Issue 30: Peter Manson

rhomboidal dirge

old dirty jazz-band i met you first as a symbol

for day’s ascent into deep-fried negative headspace

as móre píss falls through this into the night and meaning

takes angry flight to shut the door on the gravest ones

who hold it still as eyes in death’s ironic orbit

crowded as that would be now we’ve found the will to live

speak for your plurable self i’ve never felt damper

here in the scottish government resilience room

conservative surgery dervishes in the mood

to salute the backstop boys with an earnest hello

promote me to the saudi arabia of wind

faintly dismissive of the work but unsatisfied

by all but the most hyperbolical praise of it




papal retaining wall


amorous mcmonagle died of a gastritis

in curly hill strabane in 1871

in which parish he had an illegal daughter ann

and was probably a mistranscription of andrew

are those the shears of atropos or are they just shears

on the grave of the weaver george who died in august

swifter than a shuttle my days have passed and vanished

my crew and i were alive when we hit the water

how is it possible that i don’t know it’s over

this pearl onto which an oyster is secreting grit

i repeat the trope as two different kinds of farce

call off my cage fight in anhedonic carnoustie

and flee polynesia land of five million knees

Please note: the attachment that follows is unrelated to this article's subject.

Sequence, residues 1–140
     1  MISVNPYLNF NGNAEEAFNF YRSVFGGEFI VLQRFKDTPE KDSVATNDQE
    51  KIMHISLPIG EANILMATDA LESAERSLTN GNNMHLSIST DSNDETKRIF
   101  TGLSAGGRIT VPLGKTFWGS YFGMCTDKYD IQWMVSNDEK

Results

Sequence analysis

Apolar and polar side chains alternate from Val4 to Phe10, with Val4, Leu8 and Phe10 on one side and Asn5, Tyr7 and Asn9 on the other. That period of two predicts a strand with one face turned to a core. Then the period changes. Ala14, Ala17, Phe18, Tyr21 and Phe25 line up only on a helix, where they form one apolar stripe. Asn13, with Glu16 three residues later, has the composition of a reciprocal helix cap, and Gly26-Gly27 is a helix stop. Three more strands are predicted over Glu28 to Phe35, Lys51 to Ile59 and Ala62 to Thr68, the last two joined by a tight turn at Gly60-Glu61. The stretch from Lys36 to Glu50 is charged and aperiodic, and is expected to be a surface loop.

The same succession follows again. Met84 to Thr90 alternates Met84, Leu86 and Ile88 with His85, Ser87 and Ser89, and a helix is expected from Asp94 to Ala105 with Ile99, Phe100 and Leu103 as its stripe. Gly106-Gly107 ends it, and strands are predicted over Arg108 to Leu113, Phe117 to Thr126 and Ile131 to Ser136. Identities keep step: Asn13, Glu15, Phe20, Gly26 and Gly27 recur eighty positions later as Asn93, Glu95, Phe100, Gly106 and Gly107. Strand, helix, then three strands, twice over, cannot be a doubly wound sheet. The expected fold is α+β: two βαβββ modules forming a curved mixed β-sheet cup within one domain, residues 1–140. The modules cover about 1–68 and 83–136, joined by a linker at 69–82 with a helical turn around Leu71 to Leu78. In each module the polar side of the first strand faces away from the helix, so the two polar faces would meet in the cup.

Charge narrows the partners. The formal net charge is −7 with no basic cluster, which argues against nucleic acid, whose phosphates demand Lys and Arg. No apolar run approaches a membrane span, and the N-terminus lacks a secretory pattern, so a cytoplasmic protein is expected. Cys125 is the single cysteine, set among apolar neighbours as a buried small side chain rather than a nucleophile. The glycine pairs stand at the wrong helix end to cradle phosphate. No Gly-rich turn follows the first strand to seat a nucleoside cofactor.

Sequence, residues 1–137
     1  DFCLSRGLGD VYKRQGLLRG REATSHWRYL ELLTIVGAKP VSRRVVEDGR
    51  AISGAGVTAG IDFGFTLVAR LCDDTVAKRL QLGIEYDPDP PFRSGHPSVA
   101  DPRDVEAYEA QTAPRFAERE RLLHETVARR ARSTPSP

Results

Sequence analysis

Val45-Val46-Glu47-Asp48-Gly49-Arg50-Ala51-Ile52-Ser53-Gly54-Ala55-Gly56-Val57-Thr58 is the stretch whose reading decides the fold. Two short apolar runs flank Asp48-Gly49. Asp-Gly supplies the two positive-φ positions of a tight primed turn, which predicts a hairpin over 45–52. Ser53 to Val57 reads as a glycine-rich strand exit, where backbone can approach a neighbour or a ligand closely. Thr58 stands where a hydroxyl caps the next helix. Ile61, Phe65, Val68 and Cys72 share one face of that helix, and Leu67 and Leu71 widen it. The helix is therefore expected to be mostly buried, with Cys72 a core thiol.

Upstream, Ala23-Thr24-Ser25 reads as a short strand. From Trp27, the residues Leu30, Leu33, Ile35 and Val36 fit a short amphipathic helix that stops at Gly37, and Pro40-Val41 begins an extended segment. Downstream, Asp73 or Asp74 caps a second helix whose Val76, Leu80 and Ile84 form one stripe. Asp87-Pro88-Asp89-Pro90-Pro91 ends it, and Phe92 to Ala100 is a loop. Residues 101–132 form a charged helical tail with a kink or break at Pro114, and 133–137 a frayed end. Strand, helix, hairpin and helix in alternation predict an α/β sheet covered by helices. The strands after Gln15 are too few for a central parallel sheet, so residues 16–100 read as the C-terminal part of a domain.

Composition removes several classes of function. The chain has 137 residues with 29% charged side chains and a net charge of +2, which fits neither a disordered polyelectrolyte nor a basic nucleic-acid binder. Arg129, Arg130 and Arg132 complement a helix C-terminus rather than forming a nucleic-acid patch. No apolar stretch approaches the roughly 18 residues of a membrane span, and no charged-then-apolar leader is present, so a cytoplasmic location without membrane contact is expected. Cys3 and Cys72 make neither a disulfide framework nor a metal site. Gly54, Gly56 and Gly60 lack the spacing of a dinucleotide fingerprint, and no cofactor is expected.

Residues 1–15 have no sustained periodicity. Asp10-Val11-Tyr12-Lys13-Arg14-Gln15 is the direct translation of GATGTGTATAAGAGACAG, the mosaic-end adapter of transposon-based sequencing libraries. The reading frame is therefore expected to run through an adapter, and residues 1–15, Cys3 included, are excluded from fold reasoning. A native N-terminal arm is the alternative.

extrapyramidal orchid

i dream about air raids because not enough is wrong

with my life and its live-long passenger-side airbag

bearing the imprint of all my beloved faces

for limerence read liberace and vice versa

i cannot set the pipeline to the recording state

as hope is the featherless biped tonight on sky

burial note the key-patterning on the anus

the oil in the dolphin’s melon the moorhen hormones

which put us in hope we should soon have the manson wind

i fell ill with conjunctivitis and overdubs

while toasting ann widdecombe making p diddy come

as mourning becomes treacle ejecting the fine mess

anyone leaves when they don’t know they aren’t coming back





rubber hand illusion


i think of my large small body as what will damage

the largely valueless objects i leave behind me

as i hasten to create and consume a pizza

in time to watch your memorial event on zoom

each male in the room has my willow-pattern baldness

i try on one blue body after another and

soon you are mourned by a full pew of prosthetic mes

i’m sorry you’re dead and sorry i never told you

how i hated being implicated in your gaze

i take the mirtazapine and of course start writing

instead of going to bed like a normal poet

the poem hates itself for being like this and i

push back the cuticles on my teeth to say goodnight



Sentimental promenade


                                             from Verlaine


The setting sun was darting its last rays

and the wind was rocking the pallid water-lilies;

the great water-lilies, between the reeds,

were shining sadly upon the calm waters.

Me, I was wandering alone, taking my wound for a walk

along the pond, in the middle of the willow plantation

where the vague mist was conjuring a great

milky phantom in despair

and weeping with the voice of the teals

who were calling and recalling, beating wings

in the middle of the willow plantation where I was wandering alone

taking my wound for a walk; and the thick shroud

of darkness came to drown the last

rays of the setting sun in these pallid waves

and the water-lilies, in the middle of the reeds,

great water-lilies upon the calm waters.



                     to Francis Poictevin

                     from Verlaine


The long wood of fir trees twists up to the shore,

the narrow wood of fir trees, laurel and pine,